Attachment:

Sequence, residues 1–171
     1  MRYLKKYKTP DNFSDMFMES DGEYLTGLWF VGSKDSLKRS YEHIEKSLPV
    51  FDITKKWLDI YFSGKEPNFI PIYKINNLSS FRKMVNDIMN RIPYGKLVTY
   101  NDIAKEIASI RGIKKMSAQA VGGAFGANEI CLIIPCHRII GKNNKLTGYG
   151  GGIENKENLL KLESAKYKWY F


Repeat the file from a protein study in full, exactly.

Sequence, residues 1–171
     1  MRYLKKYKTP DNFSDMFMES DGEYLTGLWF VGSKDSLKRS YEHIEKSLPV
    51  FDITKKWLDI YFSGKEPNFI PIYKINNLSS FRKMVNDIMN RIPYGKLVTY
   101  NDIAKEIASI RGIKKMSAQA VGGAFGANEI CLIIPCHRII GKNNKLTGYG
   151  GGIENKENLL KLESAKYKWY F